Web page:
To sustain successful operations, projects should be undertaken in an efficient and transparent manner. Efficiency improves the affordability of projects, increasing opportunities for growth. Transparency allows a broader range of input to refine a project plan, lowers resistance to change, and increases the probability of success.
The six steps below outline a process that can be used to ensure efficiency and transparency in operations projects. With each new initiative launched, these steps should be refined, applying experience gained in previous projects, to tune the process to the dynamics of your organization. After a few iterations, creating and implementing optimal solutions will begin to feel natural, and anything less, anathema.
If you haven’t already done so, I recommend reading 4 Characteristics of an Optimal Solution before proceeding to the six steps. As each step is executed, bear in mind how the activities described aid in achieving the four characteristics desired. If activity begins to stray from the process goals, reassess and adjust the tasks, participants, objectives, and evaluation methods to reestablish and maintain alignment.
In order to implement an optimal solution to your company’s product development, capacity expansion, cost reduction, continuous improvement, or other project objective, your project team must be able to evaluate alternatives on four key qualitative measures. Each qualitative evaluation is informed by quantitative and pseudo-quantitative measures and other qualitative judgments that will vary by project and objective. Interpretation of these measures is required to reach logical conclusions regarding the optimality of proposed solutions.
Upon completion of the initial evaluations of alternatives, there may be no clear winner, one determined to be best in all aspects. In this situation, another round of evaluation must be conducted to determine the best trade-off of benefits to pursue. It is imperative that the project team consider the potential motivations of influencers; interpersonal conflicts, personal agendas, or other “office politics” can provide perverse incentives that jeopardize the team’s success. Focusing on the merits of each alternative will limit undue influence on the final decision, providing maximum benefit to the company, its employees, and its customers.
Particularly prevalent among project evaluation shortcuts is to simply look for the alternative with the lowest initial cost. Unfortunately, that number is often misleading, misunderstood, or misquoted. Confidence in the accuracy of cost estimates is important, but initial cost remains but one criterion among many.
Four characteristics that form the basis for selection of optimal solutions are outlined in the following sections.
To ensure a fruitful partnership with an Operations Consultant you choose to engage, it is important for all involved to be structured and disciplined in their approach. The process that a consultant will follow to help your organization find its optimal solution is much more detailed than will be discussed here (more information to come in future posts), but the following guidelines will help get your project moving in the right direction.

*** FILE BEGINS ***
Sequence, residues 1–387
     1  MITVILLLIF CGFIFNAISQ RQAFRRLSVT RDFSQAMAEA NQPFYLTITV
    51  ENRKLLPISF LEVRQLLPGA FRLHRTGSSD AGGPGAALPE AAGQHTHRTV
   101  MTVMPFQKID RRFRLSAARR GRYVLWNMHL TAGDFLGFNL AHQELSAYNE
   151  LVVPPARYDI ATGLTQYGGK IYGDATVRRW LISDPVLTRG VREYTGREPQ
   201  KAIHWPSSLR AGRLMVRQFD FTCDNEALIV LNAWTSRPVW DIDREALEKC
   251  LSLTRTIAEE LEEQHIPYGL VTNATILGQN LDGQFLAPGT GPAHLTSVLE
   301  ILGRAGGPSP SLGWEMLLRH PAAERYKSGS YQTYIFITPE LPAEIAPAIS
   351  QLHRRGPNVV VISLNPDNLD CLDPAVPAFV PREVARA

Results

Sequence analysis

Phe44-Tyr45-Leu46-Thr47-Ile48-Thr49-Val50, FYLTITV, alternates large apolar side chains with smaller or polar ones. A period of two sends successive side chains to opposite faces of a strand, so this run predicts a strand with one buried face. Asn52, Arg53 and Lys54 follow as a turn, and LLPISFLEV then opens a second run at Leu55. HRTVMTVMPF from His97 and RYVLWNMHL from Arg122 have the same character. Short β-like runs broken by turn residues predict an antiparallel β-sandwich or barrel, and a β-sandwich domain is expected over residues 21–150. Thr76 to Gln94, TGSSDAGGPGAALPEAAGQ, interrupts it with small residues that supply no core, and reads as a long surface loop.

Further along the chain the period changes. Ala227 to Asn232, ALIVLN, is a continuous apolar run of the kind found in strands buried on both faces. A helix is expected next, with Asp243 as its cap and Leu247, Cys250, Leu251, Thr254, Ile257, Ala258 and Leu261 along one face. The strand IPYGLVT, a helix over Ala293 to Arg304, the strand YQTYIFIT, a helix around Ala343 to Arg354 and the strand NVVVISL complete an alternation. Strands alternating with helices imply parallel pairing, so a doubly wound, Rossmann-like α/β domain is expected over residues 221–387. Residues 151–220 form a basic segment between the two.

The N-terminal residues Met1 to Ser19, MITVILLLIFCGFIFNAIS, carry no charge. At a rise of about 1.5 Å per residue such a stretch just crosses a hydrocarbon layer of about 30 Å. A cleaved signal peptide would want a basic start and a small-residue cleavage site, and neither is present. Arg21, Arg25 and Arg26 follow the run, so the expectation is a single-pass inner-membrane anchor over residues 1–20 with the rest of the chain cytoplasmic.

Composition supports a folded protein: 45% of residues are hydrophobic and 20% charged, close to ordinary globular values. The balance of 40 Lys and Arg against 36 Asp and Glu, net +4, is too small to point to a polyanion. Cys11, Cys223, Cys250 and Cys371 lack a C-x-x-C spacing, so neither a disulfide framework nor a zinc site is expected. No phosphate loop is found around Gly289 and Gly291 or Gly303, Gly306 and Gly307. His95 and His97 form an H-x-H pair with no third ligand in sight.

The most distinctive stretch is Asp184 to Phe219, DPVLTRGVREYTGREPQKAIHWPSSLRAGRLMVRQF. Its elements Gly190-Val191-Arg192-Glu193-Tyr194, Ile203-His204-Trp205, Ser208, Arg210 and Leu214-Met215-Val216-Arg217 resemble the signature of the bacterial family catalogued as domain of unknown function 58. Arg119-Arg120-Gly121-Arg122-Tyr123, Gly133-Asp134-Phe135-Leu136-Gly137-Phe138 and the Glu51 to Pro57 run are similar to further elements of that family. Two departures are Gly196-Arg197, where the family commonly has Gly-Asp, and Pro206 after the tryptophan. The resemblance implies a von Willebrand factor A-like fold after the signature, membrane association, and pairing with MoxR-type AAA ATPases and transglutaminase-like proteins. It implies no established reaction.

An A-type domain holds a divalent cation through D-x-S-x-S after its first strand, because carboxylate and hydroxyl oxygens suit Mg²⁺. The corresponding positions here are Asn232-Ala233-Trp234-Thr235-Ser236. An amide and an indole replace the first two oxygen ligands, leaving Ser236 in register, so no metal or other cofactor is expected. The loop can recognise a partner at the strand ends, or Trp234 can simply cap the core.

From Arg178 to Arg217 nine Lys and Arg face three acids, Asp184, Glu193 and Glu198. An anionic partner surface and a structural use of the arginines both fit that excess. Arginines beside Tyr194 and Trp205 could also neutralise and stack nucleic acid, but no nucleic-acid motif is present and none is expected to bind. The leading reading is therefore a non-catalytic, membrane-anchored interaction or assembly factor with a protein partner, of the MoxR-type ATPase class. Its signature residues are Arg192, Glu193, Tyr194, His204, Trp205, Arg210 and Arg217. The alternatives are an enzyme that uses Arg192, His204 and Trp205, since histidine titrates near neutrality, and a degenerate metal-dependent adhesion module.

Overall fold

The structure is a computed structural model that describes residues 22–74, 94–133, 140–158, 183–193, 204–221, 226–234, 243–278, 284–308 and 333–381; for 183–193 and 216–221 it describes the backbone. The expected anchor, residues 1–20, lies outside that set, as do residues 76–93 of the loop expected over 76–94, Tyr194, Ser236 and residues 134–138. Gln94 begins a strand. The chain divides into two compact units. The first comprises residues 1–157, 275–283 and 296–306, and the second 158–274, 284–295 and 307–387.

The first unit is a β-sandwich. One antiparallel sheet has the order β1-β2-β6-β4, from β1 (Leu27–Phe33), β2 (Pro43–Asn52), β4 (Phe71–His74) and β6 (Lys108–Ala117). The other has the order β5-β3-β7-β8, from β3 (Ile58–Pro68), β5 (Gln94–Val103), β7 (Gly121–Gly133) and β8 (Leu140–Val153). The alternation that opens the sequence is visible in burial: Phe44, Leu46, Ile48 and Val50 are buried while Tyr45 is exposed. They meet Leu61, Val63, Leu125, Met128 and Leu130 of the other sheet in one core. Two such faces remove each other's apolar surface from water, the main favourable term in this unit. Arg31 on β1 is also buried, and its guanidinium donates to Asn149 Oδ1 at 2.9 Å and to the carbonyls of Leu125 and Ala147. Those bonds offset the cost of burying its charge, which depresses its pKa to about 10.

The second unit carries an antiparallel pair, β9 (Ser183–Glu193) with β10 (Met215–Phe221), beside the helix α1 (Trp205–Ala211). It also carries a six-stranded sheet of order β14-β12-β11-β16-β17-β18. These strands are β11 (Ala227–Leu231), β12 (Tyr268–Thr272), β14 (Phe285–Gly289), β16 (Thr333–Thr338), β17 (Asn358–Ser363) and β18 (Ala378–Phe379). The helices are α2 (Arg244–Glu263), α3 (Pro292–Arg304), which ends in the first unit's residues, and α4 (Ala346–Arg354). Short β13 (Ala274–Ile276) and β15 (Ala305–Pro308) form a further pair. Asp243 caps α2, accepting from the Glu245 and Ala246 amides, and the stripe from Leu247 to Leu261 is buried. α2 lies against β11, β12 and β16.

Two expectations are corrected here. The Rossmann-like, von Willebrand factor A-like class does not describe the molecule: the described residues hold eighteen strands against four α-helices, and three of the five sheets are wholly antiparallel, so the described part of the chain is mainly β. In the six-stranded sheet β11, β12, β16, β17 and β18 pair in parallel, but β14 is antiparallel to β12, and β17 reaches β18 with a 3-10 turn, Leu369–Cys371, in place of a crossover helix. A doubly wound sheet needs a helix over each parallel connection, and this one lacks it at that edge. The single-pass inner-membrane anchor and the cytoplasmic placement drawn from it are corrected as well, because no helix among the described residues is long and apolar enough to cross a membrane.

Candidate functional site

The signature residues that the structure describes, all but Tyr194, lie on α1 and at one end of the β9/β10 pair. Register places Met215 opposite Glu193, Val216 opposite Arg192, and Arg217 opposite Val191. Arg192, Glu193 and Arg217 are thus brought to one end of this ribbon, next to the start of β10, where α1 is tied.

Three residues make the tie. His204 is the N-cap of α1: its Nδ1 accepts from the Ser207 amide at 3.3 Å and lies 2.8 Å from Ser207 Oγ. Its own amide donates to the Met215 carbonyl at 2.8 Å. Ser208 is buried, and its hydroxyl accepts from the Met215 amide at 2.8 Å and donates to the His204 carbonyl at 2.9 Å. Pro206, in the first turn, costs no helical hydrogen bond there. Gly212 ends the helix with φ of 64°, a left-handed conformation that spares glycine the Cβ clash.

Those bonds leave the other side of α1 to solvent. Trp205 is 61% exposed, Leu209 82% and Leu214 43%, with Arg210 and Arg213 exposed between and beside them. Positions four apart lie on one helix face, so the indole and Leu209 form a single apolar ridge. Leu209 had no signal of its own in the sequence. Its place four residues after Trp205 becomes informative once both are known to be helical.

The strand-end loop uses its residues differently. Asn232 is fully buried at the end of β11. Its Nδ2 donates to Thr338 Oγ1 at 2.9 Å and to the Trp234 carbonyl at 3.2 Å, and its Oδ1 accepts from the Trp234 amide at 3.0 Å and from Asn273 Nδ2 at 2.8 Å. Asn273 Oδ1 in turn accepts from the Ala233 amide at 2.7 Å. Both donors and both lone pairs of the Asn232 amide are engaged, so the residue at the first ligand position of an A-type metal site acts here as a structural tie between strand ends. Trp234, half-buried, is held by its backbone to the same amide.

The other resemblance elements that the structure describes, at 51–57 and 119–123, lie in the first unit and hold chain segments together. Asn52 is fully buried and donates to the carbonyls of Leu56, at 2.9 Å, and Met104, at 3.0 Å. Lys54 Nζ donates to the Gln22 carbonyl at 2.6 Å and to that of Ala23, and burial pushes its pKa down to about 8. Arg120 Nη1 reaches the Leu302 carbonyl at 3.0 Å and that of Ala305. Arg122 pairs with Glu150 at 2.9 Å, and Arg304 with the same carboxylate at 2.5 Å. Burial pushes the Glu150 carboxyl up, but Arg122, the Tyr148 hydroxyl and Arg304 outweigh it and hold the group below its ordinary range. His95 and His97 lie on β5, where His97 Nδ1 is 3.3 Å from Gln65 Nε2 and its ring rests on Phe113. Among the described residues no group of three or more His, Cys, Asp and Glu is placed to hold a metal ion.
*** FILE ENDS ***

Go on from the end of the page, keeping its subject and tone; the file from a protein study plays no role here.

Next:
1. Begin with Problem Definition
The specificity of the problem statement drives the scope of the consultant’s work and the setting of realistic expectations.
“We’re losing money” is a very broad, vague, and open-ended problem statement. Extensive research will be required to determine the technical and nontechnical causes before response plans can be crafted. If the organization does not have the capacity to conduct this research, a consultant can lead the effort, but the timeline for achieving results will be very different from a narrowly defined project.
“High defect rate on Line 4, Machine 3 is causing excessive scrap and rework costs and poor delivery performance that jeopardizes the ABC Corp. account,” in contrast, is a problem statement that prescribes the necessary focus areas. From this, preliminary action plans for technical and nontechnical issues can be generated immediately.
The situations that warrant engaging an Operations Consultant are too numerous, and too varied, to ever hope to describe them all in any detail. Some are purely technical, while others involve less-concrete concerns inherent in group dynamics. Some require a response to a short-term crisis, or disaster recovery, while others require the development of a long-term strategy. Some will magnify the challenges by involving multiple levels of management and various groups, internal and external to the organization. These groups may be geographically distant and culturally disparate. They will likely have differing responsibilities, motivations, and levels of autonomy.
While not comprehensive, the preceding should give one a sense of how many “moving parts” could be present in any planning or decision-making process or project execution. The following 7 Reasons to Hire an Operations Consultant is intended to facilitate focus amid such chaos. It can be used to help formulate your thoughts on the situation you face, define your needs, and facilitate preliminary communications with an Operations Consultant.
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